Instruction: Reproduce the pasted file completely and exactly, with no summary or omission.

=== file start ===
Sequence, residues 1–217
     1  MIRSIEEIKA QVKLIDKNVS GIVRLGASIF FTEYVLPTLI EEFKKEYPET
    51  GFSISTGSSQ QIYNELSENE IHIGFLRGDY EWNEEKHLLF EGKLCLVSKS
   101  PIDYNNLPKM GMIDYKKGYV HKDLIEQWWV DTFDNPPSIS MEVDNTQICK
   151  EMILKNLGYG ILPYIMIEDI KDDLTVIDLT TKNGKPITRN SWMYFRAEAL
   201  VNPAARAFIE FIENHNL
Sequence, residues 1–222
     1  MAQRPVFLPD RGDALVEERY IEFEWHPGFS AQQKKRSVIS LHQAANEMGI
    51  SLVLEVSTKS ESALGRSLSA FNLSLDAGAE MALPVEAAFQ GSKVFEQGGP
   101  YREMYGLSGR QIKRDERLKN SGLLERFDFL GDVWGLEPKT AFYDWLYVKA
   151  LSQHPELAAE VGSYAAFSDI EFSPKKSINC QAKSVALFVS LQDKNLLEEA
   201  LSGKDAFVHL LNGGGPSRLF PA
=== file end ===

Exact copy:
Sequence, residues 1–217
     1  MIRSIEEIKA QVKLIDKNVS GIVRLGASIF FTEYVLPTLI EEFKKEYPET
    51  GFSISTGSSQ QIYNELSENE IHIGFLRGDY EWNEEKHLLF EGKLCLVSKS
   101  PIDYNNLPKM GMIDYKKGYV HKDLIEQWWV DTFDNPPSIS MEVDNTQICK
   151  EMILKNLGYG ILPYIMIEDI KDDLTVIDLT TKNGKPITRN SWMYFRAEAL
   201  VNPAARAFIE FIENHNL
Sequence, residues 1–222
     1  MAQRPVFLPD RGDALVEERY IEFEWHPGFS AQQKKRSVIS LHQAANEMGI
    51  SLVLEVSTKS ESALGRSLSA FNLSLDAGAE MALPVEAAFQ GSKVFEQGGP
   101  YREMYGLSGR QIKRDERLKN SGLLERFDFL GDVWGLEPKT AFYDWLYVKA
   151  LSQHPELAAE VGSYAAFSDI EFSPKKSINC QAKSVALFVS LQDKNLLEEA
   201  LSGKDAFVHL LNGGGPSRLF PA